Note that VCX Linux 4.2.0 and newer also include an erasePartitionTable command that can be used to zero the partition table in place of the dd command above.

3.2 Check BIOS settings


If installing to a system which has BIOS settings tuned to specific operating systems (such as the HP DL380 server), check that Linux is the selected operating system before starting the installation.

3.3 Initialize SAS disk (x3650 only)


On the x3650 platform, a brand new disk will not be seen by the OS unless it is first initialized from the SAS controller. Press Ctrl-A when prompted during boot to enter the Adaptec BIOS screens. From here, select and initialize the drive.

3.4 Boot from Knoppix CD


The Knoppix CD is actually a full Linux-system-on-a-disk which includes a full desktop GUI and many tools. However, for our purposes we are using it simply as a bootable CD which provides all of the tools needed to install VCX Linux. The Knoppix CD requires some boot options in order to work and properly support various hardware platforms. These must be specified at the boot: prompt. If you try to boot Knoppix without options, it is unlikely to work.

3.4.1 Boot options Knoppix 3.6


The required options for Knoppix 3.6 are as follows: IBM x306, x345, x346, Intellistation M Pro 6230/41U, and most other systems HP DL380, IBM Intellistation Z Pro 6221-10U IBM x306m knoppix26 lang=us atapicd 2 knoppix lang=us nodma 2 NOT SUPPORTED by Knoppix 3.6 Use Knoppix 4.0.2 instead!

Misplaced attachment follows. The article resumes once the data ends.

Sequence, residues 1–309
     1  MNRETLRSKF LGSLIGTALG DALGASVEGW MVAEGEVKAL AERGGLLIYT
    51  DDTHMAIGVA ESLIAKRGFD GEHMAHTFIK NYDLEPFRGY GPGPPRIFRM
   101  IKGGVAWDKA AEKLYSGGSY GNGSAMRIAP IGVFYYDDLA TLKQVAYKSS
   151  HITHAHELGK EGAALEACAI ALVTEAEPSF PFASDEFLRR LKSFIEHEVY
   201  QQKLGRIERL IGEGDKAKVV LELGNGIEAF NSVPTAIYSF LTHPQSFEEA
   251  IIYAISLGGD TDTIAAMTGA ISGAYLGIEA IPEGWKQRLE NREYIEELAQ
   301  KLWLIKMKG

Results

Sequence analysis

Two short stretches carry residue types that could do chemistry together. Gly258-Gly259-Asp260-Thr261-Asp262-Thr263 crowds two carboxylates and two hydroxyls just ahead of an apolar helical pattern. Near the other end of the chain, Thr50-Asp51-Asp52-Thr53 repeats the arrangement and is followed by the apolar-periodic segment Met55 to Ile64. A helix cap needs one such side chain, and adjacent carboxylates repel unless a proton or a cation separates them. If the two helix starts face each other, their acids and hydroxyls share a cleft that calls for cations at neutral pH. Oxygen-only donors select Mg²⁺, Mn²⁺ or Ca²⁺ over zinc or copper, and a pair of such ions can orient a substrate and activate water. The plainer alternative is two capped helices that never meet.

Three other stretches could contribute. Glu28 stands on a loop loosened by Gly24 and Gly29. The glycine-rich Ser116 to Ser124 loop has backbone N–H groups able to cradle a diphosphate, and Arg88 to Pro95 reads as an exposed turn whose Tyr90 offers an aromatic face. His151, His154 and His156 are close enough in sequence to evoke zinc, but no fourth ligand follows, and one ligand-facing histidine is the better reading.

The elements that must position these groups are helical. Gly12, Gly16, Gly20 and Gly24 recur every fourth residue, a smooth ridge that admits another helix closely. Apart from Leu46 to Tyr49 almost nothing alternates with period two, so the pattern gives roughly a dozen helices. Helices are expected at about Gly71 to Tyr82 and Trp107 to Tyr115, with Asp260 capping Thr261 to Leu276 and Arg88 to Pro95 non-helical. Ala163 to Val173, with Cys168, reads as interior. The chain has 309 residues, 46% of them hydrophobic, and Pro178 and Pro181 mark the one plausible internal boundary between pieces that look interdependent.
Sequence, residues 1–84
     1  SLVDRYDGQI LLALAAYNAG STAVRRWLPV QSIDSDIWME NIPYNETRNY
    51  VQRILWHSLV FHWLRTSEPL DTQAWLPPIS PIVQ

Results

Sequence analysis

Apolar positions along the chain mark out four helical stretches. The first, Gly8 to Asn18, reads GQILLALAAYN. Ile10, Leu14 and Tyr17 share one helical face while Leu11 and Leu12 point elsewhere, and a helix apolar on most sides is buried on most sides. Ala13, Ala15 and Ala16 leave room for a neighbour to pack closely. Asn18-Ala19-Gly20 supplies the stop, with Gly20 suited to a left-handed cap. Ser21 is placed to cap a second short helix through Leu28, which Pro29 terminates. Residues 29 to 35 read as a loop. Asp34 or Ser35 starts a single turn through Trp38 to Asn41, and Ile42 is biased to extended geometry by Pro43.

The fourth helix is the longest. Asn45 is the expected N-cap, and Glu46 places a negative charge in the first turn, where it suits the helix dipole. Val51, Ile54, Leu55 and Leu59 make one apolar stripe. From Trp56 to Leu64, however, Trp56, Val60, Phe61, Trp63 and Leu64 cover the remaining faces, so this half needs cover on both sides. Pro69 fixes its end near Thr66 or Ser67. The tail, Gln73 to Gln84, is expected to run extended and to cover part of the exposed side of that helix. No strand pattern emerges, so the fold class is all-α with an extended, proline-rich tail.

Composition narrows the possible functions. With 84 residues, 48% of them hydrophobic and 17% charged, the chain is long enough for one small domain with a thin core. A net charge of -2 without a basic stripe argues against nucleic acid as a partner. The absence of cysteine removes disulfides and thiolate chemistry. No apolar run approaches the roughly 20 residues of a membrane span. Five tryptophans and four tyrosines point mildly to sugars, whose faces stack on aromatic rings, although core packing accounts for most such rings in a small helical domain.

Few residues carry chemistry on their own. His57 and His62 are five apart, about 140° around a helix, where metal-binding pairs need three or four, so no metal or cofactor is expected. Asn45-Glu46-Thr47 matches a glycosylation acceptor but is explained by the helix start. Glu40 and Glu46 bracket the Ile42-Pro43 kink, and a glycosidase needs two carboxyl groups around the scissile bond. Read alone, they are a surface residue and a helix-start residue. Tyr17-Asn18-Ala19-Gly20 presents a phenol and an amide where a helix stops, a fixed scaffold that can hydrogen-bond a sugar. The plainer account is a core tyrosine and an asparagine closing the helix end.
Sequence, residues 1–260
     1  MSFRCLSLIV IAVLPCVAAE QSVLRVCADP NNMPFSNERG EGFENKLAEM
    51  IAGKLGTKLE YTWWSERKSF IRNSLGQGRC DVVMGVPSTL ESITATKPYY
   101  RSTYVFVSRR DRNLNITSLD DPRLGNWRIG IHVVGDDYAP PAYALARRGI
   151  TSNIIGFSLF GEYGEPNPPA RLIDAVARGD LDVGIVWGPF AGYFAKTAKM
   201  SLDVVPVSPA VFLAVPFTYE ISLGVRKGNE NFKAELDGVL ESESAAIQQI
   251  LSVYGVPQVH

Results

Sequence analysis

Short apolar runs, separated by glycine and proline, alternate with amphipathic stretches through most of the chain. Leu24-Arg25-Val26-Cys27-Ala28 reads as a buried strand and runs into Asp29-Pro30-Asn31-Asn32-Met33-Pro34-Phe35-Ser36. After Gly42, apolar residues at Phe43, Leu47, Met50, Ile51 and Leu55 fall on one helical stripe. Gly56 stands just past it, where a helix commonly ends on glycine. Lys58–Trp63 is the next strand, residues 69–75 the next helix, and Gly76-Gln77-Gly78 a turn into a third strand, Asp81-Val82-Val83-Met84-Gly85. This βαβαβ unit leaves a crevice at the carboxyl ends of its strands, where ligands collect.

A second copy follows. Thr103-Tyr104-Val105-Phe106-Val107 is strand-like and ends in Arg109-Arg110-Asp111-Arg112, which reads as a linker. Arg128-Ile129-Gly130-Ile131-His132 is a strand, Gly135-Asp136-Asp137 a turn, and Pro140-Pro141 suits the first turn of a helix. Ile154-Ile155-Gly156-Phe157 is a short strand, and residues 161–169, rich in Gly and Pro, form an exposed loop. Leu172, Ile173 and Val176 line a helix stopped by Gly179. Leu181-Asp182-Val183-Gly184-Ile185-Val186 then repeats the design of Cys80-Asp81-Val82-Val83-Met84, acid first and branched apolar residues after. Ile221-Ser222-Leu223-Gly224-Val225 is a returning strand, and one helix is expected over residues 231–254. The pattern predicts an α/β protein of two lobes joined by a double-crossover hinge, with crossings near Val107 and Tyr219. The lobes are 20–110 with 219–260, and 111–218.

For the curious, these options do the following: knoppix26 Selects the Linux 2.6 kernel, which is needed to support newer hardware lang=us Selects US keyboard layout atapicd Needed so that Knoppix works properly with an IDE CDROM under the 2.6 kernel nodma Disables dma, which causes issues on certain systems 2 Selects runlevel 2, which does not start the Knoppix GUI (X Windows) VCX 7.1 Disk Build HOWTO Page 5 of 16

3.4.2 Boot options Knoppix 4.0.2 / 5.0.1


The required options are as follows: IBM x306m, x3650 IBM x306, x346 knoppix lang=us 2 knoppix lang=us atapicd 2

3.4.3 A Note on SCSI disks


The device file to use to access the SCSI or SAS disk is /dev/sda, unless you are installing to an HP DL380 server, in which case the device name is /dev/cciss/c0d0. Also, the DL380 disk partitions are referenced with a p in addition to the number, e.g. /dev/cciss/c0d0p1 is partition 1.

3.5 Configure Networking if necessary


Once the system is up and running on the boot CD, it is necessary that basic networking be operational to perform the rest of the installation. If the network to which the system is connected does not have a DHCP server, you will need to manually configure an IP address for the system to use during the install process. This can be done as follows (substitute your IP parameters where appropriate):
/sbin/ifconfig eth0 192.168.1.1 netmask 255.255.255.0 broadcast 192.168.1.255

/sbin/route add default gw 192.168.1.254